HIS 112
Book/Document Background Notes
Chardin Japan
Industry Genocide
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Sir John Chardin (1643-1713) was the son of a wealthy French jeweler who spent much of his life traveling through the Near East.  After fleeing France because of the persecution of the Huguenots, he settled in England where he became jeweler to the king.  He was later knighted.  Because of his high court connections, Chardin traveled in the best royal circles and subsequently recorded much of what he saw of seventeenth-century Persian (Safavid) life.  His numerous, and lengthy, travel accounts remain an important historical source.
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Although most Americans are aware of Commodore Matthew Perry's visit to Japan in 1854 that lead to the "opening" of Japan, Japan was not always closed to Europeans and Americans.  Indeed, in the sixteenth century, Japan was often visited by foreigners, and it was there that the Church had carried out some spectacular missionary activity.  But at the start of the seventeenth century, the Tokugawa exclusionary edicts changed all that and closed Japan to foreign contact.
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The Industrial Revolution first began in England in the middle of the eighteenth century with the gradual introduction of mechanized means of production to replace manual production.  This occurred first in the textile industry.  By the nineteenth century the revolution was well underway as factories had appeared everywhere; factories with large machines now powered by steam engines.  Those factories demanded a lot of labor, and people swarmed from the countryside into the cities to work in the factories.  Much of that early factory labor was provided by women and children.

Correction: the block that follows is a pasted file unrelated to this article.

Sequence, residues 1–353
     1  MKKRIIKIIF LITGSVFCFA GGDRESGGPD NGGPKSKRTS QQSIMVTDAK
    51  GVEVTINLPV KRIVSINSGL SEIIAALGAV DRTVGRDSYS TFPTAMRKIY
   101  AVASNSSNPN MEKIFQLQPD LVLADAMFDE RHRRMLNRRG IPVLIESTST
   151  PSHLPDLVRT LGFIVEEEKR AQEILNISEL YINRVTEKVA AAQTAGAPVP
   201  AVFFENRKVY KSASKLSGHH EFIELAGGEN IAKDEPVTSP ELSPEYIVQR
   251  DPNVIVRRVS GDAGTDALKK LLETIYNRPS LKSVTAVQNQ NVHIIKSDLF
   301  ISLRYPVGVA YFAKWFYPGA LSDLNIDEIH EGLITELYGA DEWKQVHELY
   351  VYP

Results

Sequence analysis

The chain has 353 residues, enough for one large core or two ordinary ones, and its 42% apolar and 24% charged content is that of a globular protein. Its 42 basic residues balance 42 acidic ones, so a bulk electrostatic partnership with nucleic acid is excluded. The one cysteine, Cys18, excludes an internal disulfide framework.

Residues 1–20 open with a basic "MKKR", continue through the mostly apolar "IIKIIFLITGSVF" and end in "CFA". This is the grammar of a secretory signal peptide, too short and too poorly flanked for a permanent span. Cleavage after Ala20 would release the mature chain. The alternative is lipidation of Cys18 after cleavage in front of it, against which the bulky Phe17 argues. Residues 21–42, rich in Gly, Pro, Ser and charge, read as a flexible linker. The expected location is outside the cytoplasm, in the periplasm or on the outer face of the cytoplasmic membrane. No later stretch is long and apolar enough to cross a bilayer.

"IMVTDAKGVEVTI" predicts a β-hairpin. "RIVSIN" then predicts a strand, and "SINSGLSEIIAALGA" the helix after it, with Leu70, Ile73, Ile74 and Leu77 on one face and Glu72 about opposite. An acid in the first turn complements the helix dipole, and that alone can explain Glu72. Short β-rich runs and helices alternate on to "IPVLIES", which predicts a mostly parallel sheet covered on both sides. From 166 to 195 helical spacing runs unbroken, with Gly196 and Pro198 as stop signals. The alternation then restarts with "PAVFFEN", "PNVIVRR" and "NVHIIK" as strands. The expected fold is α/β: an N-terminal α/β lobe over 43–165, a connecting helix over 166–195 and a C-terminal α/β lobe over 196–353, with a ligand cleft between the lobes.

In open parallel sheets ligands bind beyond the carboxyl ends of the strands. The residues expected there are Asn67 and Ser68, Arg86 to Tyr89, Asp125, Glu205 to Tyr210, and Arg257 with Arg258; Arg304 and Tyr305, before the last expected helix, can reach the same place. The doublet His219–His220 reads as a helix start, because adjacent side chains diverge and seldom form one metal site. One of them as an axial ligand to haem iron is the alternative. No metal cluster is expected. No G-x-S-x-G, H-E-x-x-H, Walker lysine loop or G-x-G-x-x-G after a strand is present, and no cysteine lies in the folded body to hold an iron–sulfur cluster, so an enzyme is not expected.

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The term Genocide was the invention of a Polish-Jewish legal scholar, Raphael Lemkin (1900-1959), which he explained in his book about Axis rule in Europe (1944).  Thus, from the start, "genocide" was most closely used to apply to the Jewish Holocaust carried out by the Nazis.  In 1948 the United Nations adopted a Convention on the Prevention and Punishment of the Crime of Genocide, into effect in 1951, with a specific definition of genocide.  Despite that convention, and the agreement of the signers to abolish genocide, it has continued to take place over the last fifty years in a variety of locales across the world.

This page is copyright © 2006, C.T. Evans
For information contact cevans@nvcc.edu